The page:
The operation of the laser therapeutic apparatus during the actual provision of treatment will subsequently be described. In the standby state, the clamp lever 10 of the probe support mechanism is set in the release position and each of the multichannel probes 4 is freely suspended from the undersurface of the probe support table 5 in the unrestricted state through the corresponding flexible pipes 8. With the patient reclining on the bed 1, the doctor or operator manipulates the handgrip 52 of the probe support table 5 to move the probe support table 5 close to the affected body part or the effective spot for applying the treatment, e.g., the knee, wrist, or ankle joint regions. Subsequently, as shown in FIG. 3, the operator bends the flexible pipes 8 as necessary on a channel basis to position the laser beam irradiation end of each probe 4 until it contacts or is in the proper position with respect to the part of the body that needs treatment. In that state, the operator rotates each clamp lever 10 to the lock position to lock the flexible pipes 8 in their bent posture. The probes 4 of the selected channels are thus properly positioned with respect to the parts of the body to be treated to complete the probe setting.
The operator then individually sets the optimum irradiation mode for each of the probes 4 including the laser irradiation output, irradiation time, etc., which are dependent on the type of body part to be treated and the condition of the affected body part. The irradiation mode data is set by means of the control board 3. The operator then turns on the selective switch 32 and the irradiation start switch 37, to start the irradiation of laser beams from the probes 4 to the affected body part. Whether the laser beams are irradiated from the probes of the selected channels simultaneously and collectively or successively in a given order can be selected according to programming through the control board 3. Moreover, the irradiation display lamps 33 are caused to blink during laser beam irradiation and, when the laser beam irradiation is terminated after a designated period of time has lapsed, the lamps 33 will remain off. The doctor or operator resets the control board 3 and obtains various printed therapeutic data from the printer 38. The flexible pipes 8 supporting the probes 4 may be restored to the unrestricted, i.e., freely movable, positions by rotating each clamp lever 10 of the probe support mechanism to the release position.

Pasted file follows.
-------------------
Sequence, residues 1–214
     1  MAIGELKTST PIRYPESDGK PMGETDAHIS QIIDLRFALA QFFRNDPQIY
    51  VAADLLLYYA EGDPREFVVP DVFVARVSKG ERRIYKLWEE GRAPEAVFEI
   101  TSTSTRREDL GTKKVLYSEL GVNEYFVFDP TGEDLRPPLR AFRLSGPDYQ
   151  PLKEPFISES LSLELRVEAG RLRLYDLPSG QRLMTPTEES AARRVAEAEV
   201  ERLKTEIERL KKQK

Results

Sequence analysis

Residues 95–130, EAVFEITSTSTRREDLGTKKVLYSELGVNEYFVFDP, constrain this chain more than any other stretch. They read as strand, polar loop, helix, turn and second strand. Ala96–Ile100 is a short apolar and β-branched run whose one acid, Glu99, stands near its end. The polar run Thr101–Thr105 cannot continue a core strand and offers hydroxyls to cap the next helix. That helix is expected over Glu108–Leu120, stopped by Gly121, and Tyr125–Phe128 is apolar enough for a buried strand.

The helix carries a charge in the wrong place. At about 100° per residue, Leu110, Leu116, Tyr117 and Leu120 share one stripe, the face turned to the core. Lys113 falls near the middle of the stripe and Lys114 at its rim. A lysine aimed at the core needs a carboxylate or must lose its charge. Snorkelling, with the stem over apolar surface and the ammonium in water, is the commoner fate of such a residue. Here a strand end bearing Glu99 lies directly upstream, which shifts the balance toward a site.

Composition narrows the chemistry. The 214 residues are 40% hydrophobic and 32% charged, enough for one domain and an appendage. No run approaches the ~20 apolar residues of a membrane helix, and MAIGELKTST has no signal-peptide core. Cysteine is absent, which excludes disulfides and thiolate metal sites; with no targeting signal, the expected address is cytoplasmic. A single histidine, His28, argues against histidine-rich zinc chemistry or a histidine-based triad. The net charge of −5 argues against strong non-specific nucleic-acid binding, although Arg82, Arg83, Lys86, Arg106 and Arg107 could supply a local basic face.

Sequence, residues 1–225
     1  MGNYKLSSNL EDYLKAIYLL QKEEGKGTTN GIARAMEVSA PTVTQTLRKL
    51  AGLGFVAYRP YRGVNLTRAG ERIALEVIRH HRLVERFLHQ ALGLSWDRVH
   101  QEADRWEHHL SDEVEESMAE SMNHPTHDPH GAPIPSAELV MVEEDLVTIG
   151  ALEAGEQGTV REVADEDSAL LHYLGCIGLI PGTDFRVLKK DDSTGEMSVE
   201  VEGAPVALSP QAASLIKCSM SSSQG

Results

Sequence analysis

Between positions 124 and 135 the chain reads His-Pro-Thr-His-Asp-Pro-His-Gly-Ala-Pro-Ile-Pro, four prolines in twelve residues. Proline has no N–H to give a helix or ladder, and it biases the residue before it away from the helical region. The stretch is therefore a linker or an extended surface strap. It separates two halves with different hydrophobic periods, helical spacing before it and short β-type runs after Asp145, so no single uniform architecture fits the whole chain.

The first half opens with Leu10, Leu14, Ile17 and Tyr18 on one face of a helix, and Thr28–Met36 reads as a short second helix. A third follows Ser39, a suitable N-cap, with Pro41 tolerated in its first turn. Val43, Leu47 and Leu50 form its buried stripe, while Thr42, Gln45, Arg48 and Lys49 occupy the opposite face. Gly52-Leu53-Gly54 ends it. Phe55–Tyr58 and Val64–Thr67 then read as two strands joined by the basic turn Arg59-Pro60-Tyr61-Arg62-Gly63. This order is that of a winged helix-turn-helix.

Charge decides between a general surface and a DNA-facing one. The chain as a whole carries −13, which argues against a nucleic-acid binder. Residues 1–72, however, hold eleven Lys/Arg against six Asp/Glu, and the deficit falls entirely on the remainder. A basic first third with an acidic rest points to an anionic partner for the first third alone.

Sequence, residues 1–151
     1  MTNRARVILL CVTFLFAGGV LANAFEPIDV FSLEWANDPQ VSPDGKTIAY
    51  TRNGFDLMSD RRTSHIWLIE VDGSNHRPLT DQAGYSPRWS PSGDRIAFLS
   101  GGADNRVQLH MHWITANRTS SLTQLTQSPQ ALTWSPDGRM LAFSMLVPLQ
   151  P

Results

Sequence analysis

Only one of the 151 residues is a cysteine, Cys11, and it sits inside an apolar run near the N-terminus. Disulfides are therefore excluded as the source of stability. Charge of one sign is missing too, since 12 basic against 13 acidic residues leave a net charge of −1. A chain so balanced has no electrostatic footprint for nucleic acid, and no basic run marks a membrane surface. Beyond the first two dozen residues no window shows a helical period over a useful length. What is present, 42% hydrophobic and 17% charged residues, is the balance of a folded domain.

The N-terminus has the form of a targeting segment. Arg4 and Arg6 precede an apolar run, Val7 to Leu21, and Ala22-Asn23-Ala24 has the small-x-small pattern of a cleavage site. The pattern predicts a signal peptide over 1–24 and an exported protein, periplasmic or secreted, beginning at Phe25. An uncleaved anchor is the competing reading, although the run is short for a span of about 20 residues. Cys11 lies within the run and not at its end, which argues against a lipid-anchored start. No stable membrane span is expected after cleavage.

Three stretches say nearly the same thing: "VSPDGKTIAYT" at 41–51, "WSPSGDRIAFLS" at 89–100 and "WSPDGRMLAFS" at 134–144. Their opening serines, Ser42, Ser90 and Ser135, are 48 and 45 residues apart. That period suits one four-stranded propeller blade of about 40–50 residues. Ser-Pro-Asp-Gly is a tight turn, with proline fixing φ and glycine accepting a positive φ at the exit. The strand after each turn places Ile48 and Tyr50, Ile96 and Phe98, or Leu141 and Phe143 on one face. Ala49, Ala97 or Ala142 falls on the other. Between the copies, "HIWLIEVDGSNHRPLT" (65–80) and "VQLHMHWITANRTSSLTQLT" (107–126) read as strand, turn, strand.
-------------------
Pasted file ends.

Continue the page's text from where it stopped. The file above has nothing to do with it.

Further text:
Since the probes are all supported from the table through the corresponding flexible pipes, the multichannel probes can be readily set to the positions for effectively treating the affected body parts in part by positioning the moving probe support table 5. Each flexible support arm 8 has a front end for supporting the probe of each channel, a back end fixed to the undersurface of the probe support table 5, and an associated clamp mechanism for locking the support arm 8 in a given orientation or state. Moreover, there is no need for further manipulation after the probes have once been set. The set positions can be held during the period of treatment, and since multiple probes may be used simultaneously, the doctor or operator is allowed to provide efficient labor-saving treatment.